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Horace Greeley, The American Conflict: A History of the Great Rebellion in the United States of America, 1860-65: its Causes, Incidents, and Results: Intended to exhibit especially its moral and political phases with the drift and progress of American opinion respecting human slavery from 1776 to the close of the War for the Union. Volume II. 31 7 Browse Search
Alfred Roman, The military operations of General Beauregard in the war between the states, 1861 to 1865 17 1 Browse Search
Philip Henry Sheridan, Personal Memoirs of P. H. Sheridan, General, United States Army . 14 0 Browse Search
Edward Porter Alexander, Military memoirs of a Confederate: a critical narrative 13 1 Browse Search
The Photographic History of The Civil War: in ten volumes, Thousands of Scenes Photographed 1861-65, with Text by many Special Authorities, Volume 8: Soldier Life and Secret Service. (ed. Francis Trevelyan Miller) 12 2 Browse Search
Adam Badeau, Military history of Ulysses S. Grant from April 1861 to April 1865. Volume 3 12 0 Browse Search
Adam Badeau, Military history of Ulysses S. Grant from April 1861 to April 1865. Volume 2 12 0 Browse Search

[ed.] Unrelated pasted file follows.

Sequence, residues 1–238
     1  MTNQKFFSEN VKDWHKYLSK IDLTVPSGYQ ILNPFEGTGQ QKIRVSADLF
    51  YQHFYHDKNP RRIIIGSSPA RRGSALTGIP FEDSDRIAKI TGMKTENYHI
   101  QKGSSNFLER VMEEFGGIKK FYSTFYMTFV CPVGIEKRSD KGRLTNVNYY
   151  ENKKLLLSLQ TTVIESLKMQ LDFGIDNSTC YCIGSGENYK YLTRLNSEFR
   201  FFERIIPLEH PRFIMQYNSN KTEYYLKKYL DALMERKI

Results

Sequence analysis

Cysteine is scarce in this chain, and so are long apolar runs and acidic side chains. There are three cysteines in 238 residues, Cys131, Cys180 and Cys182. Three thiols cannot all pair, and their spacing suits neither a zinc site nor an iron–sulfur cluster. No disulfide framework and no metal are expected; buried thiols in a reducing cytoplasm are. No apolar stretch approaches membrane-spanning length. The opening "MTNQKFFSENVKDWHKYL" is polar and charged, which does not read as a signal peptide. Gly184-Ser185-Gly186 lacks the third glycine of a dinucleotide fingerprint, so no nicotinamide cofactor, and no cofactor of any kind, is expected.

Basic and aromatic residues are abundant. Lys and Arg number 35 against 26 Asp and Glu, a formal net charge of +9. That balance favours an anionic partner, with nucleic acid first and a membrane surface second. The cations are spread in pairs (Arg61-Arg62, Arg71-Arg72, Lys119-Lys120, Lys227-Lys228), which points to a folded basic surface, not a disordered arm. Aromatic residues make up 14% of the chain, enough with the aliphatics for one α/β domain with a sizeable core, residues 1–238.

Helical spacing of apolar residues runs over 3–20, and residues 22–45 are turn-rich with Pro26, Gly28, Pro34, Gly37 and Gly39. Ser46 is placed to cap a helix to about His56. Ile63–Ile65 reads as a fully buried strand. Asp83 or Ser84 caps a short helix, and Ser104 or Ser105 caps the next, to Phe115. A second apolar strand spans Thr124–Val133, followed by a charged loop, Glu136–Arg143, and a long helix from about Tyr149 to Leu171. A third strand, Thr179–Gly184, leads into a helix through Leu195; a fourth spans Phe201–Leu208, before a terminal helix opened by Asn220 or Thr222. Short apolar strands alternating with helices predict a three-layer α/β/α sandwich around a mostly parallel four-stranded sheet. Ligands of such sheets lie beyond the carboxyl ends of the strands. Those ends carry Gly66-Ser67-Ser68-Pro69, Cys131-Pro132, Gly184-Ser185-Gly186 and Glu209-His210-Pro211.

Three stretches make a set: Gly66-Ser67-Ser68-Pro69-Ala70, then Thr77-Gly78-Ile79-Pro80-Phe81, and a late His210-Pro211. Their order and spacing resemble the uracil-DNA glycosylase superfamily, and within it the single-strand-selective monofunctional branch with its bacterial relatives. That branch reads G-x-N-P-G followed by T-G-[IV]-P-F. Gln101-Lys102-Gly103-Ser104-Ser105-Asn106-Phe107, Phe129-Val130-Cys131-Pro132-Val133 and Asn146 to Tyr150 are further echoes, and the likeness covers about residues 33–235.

Southern Historical Society Papers, Volume 28. (ed. Reverend J. William Jones) 12 2 Browse Search
Oliver Otis Howard, Autobiography of Oliver Otis Howard, major general , United States army : volume 1 11 1 Browse Search
Southern Historical Society Papers, Volume 26. (ed. Reverend J. William Jones) 11 1 Browse Search
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Browsing named entities in Adam Badeau, Military history of Ulysses S. Grant from April 1861 to April 1865. Volume 1. You can also browse the collection for Corse or search for Corse in all documents.

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tions were complete, and the bugle sounded forward. The three brigades of Cockrell, Alexander, and Lightburn were to hold the hill already gained, as a key-point; Corse, with as much of his brigade as could operate along the narrow ridge, was to attack from the right centre; Morgan L. Smith was to move along the east base of Miss the most determined efforts of the enemy dislodge the national troops from the important point they had gained. Persistently, stubbornly, and well, they fought. Corse was wounded at ten o'clock. Sherman, at this time, threatened not only the right flank of the enemy, but his rear and stores at Chickamauga station; and Grant'sn of the rebels was soon streaming towards Sherman; gun after gun poured a concentric fire from every hill and spur that gave a view of his ground. But Loomis and Corse's commands pressed forward; and, as the right of the assaulting column became exposed, the two brigades of John E. Smith were sent to its support. They moved over